BEIJING -- Wal-Mart Stores Inc. and General Electric Co.'s finance arm are joining the race for a share of China's growing consumer credit market by issuing their own credit card this week, a Wal-Mart spokesman said yesterday.
The card, part of the Visa network, is to be formally launched Friday and will be usable for purchases in China and abroad, said Jonathan Dong, a spokesman for Wal-Mart China. Wal-Mart's partners are GE Money and China's Shenzhen Development Bank Ltd.
China's credit card industry is booming as issuers jump into the market in hopes of tapping growing consumer spending and Beijing eases restrictions on their operations.
The number of credit cards in China topped 12 million at the end of last year, up from 3 million just two years earlier, according to consulting firm McKinsey & Co.
In 2004, Citigroup Inc.'s Citibank and Britain's HSBC Corp. became the first foreign banks to win government approval to issue credit cards in China, working through local lenders. American Express Co. issued a card in China the same year.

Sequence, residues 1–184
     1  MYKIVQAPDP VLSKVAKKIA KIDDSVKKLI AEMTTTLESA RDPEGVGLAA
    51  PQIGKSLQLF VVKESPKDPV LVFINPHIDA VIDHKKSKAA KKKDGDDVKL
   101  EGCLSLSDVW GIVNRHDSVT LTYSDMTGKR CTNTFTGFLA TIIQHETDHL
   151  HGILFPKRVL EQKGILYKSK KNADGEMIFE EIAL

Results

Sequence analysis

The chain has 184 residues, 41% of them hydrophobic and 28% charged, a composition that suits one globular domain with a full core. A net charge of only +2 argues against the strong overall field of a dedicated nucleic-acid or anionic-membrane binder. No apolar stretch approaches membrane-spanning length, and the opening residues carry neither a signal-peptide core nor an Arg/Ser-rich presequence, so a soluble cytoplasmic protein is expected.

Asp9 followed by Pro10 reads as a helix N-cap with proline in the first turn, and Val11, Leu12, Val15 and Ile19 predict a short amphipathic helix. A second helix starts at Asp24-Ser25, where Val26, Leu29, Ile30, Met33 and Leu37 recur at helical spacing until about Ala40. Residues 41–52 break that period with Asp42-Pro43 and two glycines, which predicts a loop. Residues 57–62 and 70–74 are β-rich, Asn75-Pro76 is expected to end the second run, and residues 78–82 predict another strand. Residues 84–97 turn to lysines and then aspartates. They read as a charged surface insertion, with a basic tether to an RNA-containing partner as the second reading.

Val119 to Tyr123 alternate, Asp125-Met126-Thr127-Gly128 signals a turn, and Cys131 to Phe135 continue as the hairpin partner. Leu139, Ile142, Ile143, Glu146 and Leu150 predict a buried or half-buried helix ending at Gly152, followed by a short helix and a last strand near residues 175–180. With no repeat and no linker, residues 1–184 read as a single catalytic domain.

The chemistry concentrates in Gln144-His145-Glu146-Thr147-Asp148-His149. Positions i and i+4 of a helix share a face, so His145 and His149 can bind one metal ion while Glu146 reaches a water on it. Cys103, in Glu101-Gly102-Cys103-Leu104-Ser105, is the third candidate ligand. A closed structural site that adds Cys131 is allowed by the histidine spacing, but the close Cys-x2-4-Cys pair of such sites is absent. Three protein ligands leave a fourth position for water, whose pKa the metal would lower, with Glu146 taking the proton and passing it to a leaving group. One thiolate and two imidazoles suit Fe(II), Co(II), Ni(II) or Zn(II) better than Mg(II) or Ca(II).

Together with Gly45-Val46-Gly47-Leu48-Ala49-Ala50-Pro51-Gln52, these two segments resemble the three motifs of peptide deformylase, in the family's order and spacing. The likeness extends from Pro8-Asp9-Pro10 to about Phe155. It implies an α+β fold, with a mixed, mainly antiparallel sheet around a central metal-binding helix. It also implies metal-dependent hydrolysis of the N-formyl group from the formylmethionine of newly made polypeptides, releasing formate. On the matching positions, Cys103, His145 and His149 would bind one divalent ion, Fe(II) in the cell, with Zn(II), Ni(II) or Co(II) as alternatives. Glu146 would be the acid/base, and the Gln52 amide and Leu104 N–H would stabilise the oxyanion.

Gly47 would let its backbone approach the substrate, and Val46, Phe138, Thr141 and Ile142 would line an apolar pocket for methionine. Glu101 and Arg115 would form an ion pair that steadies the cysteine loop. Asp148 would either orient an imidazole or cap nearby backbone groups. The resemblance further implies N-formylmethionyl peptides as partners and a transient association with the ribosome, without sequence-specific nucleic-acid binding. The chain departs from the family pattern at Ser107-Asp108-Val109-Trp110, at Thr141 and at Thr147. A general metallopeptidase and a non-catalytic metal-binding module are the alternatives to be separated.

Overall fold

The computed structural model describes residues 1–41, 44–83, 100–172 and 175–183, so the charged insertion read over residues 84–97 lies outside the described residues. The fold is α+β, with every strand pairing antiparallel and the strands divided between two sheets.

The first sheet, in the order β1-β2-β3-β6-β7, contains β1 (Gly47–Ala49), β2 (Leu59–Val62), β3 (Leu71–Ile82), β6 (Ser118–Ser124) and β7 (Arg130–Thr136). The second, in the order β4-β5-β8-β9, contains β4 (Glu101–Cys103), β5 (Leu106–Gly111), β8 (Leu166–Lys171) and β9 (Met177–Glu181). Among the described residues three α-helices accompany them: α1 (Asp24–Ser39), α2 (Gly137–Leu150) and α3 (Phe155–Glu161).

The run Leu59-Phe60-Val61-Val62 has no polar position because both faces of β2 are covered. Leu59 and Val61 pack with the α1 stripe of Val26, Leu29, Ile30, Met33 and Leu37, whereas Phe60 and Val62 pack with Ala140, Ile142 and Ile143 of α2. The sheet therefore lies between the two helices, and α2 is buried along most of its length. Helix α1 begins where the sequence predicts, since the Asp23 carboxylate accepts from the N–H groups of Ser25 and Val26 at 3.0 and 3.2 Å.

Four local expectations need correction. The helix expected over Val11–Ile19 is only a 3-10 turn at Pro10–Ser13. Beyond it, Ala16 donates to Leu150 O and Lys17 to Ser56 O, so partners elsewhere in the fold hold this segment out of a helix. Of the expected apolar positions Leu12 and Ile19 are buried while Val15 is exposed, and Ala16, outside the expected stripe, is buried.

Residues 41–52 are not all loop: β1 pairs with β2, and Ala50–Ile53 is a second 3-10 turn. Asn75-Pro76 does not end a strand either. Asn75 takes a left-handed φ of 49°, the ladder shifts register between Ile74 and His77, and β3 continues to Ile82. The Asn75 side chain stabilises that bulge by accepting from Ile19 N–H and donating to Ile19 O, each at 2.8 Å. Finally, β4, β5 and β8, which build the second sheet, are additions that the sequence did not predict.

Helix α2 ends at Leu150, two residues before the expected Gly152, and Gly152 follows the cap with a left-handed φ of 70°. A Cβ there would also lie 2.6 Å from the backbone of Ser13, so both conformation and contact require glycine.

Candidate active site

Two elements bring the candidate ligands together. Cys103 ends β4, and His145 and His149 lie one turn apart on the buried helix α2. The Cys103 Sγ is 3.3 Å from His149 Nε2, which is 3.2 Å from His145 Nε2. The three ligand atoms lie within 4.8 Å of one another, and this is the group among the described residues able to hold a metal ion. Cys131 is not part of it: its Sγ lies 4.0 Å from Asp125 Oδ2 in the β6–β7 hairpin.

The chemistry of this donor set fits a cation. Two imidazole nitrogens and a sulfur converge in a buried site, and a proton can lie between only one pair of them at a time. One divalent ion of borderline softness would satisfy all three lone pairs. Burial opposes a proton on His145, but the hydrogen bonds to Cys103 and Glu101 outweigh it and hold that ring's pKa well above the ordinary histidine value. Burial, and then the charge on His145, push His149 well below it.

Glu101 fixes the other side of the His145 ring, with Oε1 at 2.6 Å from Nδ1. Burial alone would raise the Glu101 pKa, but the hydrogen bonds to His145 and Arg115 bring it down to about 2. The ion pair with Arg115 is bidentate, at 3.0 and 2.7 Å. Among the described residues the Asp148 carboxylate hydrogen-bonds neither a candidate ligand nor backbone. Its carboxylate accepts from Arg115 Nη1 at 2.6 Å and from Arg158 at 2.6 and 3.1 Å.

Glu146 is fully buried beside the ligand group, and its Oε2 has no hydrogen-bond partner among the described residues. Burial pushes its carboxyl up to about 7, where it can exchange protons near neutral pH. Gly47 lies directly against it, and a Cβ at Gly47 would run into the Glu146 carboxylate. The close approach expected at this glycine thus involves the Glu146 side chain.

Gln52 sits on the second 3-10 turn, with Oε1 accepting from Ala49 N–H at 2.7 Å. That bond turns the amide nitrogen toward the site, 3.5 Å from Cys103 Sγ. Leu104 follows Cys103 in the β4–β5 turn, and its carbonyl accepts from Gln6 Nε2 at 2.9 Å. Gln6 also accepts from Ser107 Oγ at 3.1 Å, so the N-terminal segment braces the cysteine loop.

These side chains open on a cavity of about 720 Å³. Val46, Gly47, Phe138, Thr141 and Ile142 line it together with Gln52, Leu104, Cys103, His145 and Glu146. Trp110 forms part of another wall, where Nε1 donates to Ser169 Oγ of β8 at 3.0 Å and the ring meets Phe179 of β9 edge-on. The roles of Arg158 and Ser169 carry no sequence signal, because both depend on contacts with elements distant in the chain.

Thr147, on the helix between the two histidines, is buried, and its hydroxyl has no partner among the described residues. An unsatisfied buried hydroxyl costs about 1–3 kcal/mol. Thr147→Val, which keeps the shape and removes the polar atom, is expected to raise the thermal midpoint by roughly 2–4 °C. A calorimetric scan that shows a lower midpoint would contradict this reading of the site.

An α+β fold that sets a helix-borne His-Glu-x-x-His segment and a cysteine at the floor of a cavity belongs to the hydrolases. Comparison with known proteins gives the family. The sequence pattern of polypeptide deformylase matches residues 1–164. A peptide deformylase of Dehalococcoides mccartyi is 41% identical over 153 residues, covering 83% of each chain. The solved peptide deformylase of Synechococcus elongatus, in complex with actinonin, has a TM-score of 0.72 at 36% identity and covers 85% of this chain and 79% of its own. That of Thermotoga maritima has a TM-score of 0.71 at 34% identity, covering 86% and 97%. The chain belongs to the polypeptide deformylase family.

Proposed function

Chinese banks also have started issuing their own cards, usually with foreign help. Those that have taken on foreign banks as strategic investors cite expertise with credit cards as a key reason for seeking them out as partners.
The card from Wal-Mart and GE will be dual-currency, meaning holders can charge purchases in China's currency, the yuan, or a foreign currency such as the US dollar, Dong said.
The card is the second issued by Bentonville, Ark.-based Wal-Mart in China in as many months.
In September, the company issued a card with HSBC Corp. and China's Bank of Communications Ltd., according to Dong.